Address Housing Needs of Seniors with Focus on Veterans, Says NLC Study

November 19, 2018

This is the third in a series of news updates S&RC is providing on the recently-convened 2018 City Summit held recently by the National League of Cities (NLC)

Of the numerous issues on the priority list for city leaders, housing has topped the list of late. Working to place a spotlight on homelessness and housing struggle of seniors, the National League of Cities (NLC), with support from The Home Depot Foundation, has released a major housing study. The report, issued on Veteran’s Day weekend, during NLC’s 2018 City Summit, indicates that cities can most effectively meet the housing needs of seniors by focusing on veterans first. Data from “Veterans First: An Approach to Meet the Housing Needs of Seniors” reveal that helping aging and disabled veterans stay in their homes can improve the ability of local leaders to meet the housing needs of all seniors.

“Veterans have sacrificed so much to defend everything our country stands for, and this research shows the critical need for cities to, in turn, support them,” said Clarence E. Anthony, CEO and executive director of the National League of Cities (NLC). “Everyone deserves the chance to age in place, in their own communities and in their own homes,” noted Anthony, who added, “Because of this new research, we now have a much clearer understanding of how to do this for not only veterans, but for all seniors in cities across the country.”

Similarly, in analyzing census data from 39 cities across the country, NLC’s report, detailed in a November 10 news release, found that cities can also make progress on meeting the housing needs of all seniors by again focusing on the needs of veterans first.

Compared to non-veterans, the report found that veterans are older, more likely to have a disability, and are more likely to own their home. These findings and the availability of specific resources to help veterans make home repairs and modifications provide city leaders with the information and ability to improve how communities meet the housing needs of senior veterans. As cities improve how they meet the housing needs of senior veterans, this progress can be extended to the larger non-veteran senior population, according to the report.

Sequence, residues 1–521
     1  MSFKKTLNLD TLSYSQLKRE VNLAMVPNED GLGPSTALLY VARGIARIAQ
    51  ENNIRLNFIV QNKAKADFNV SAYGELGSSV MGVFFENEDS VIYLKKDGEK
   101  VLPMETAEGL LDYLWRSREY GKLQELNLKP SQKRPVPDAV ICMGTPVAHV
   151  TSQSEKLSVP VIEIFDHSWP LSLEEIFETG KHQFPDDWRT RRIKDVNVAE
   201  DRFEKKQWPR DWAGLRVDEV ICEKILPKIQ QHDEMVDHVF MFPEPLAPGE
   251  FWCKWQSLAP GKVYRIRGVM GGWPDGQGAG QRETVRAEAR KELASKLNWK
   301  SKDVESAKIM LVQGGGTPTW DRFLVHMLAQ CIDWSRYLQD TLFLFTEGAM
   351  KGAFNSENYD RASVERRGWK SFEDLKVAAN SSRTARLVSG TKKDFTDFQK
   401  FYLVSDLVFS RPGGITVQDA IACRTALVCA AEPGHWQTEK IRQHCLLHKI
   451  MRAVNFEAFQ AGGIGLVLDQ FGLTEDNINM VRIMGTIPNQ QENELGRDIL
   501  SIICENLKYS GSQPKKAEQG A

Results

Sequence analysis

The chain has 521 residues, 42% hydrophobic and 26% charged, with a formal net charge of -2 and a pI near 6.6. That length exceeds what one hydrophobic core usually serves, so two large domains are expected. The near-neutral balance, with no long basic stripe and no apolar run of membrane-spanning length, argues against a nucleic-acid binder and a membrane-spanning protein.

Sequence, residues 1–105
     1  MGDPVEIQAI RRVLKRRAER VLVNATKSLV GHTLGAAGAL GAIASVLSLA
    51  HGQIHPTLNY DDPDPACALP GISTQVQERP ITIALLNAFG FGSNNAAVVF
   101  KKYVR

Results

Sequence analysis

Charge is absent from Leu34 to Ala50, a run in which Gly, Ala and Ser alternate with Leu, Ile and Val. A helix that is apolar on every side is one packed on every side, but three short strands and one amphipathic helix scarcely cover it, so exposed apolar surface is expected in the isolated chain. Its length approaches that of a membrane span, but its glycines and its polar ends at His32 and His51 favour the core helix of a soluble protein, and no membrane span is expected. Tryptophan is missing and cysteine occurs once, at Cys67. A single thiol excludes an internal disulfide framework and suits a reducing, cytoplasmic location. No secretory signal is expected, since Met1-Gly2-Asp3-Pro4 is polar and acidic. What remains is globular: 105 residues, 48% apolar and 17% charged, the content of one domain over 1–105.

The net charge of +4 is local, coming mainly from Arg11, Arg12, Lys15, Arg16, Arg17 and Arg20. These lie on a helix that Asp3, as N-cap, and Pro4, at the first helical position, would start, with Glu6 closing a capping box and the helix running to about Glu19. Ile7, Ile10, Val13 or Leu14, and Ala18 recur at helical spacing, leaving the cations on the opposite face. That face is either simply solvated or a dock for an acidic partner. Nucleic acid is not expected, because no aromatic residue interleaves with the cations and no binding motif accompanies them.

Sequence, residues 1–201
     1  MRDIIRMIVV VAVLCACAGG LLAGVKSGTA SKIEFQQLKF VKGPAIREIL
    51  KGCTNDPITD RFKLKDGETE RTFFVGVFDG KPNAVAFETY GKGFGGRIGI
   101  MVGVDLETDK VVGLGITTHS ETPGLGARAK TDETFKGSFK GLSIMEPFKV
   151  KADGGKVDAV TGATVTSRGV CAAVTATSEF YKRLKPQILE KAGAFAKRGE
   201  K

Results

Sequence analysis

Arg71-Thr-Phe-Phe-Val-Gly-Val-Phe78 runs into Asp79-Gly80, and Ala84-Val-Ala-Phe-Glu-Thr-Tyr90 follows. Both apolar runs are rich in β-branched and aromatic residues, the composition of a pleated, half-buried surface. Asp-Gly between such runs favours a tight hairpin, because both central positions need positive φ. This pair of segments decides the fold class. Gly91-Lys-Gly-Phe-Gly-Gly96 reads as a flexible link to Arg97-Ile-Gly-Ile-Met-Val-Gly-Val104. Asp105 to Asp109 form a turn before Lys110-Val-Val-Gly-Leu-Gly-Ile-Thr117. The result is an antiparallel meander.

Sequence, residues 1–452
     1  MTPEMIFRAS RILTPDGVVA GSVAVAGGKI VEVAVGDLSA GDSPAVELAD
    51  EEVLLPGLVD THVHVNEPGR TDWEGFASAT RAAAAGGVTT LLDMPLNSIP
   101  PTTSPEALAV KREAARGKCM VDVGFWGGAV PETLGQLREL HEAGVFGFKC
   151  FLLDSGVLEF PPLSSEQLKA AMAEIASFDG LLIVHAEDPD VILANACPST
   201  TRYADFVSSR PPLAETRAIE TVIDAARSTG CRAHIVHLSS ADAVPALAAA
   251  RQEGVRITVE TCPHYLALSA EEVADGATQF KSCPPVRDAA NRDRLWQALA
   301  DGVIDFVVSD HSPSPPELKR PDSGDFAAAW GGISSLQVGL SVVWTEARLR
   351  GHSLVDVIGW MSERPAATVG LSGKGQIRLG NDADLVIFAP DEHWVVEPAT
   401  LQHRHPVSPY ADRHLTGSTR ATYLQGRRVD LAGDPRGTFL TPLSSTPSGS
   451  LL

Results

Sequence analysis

Recommendations for cities looking to implement this approach include the following three, according to NLC’s report: 1) Asking the right questions to identify veterans in the community; 2) Expanding the number of community partners working to identify veterans; and 3) Gathering the appropriate stakeholders to improve how services and information are coordinated.

Additional findings emerging from the data resulting from the study were summarized by NLC at its City Summit and in the background released after the announcement, and include the following notable recommendations.

Veterans are more likely to own their own homes, but they tend to be older and more likely to have some form of a disability than non-veterans. Increasingly, local leaders are confronted with the costs associated with more residents — both veterans and non- veterans — aging in their communities. Calls to first responders regarding preventable slips, falls and other injuries related to mobility consume limited time and resources.

NLC’s research indicates that local governments and agencies can make progress on housing issues for their communities at-large by focusing on veterans first and extending that progress to other subpopulations. Low-cost home modifications such as installing grab bars, wheel chair ramps, non-slip flooring, and lower countertops and cabinets, as well as widening doorways and putting in no-step showers, can enable homeowners to remain safely in their own homes. These repairs can also reduce the need for interventions by first responders and prolonged stays in expensive emergency rooms and recovery facilities. Importantly, making these adjustments for senior veterans allows them the dignity and comfort of remaining in their communities and homes as they continue to age.

With an estimated 46.2 million people aged 65 and older, addressing the issue of home repairs and modifications for everyone can seem daunting. As the end of 2018 nears, our nation is more than one third of the way through this historic demographic change. Increasingly, noted NLC’s report authors, local leaders are confronted with the costs associated with more residents aging in there communities.

To help local leaders make the right decisions to support their aging residents, the National League of Cities (NLC) partnered with The Home Depot Foundation to analyze American Communities Survey data and inform community conversations and actions. The organization noted that it intends to continue to maintain a spotlight on civic solutions to housing, and suggested during the recent 2018 City Summit that forthcoming announcements would be made to that end.

 

 

 

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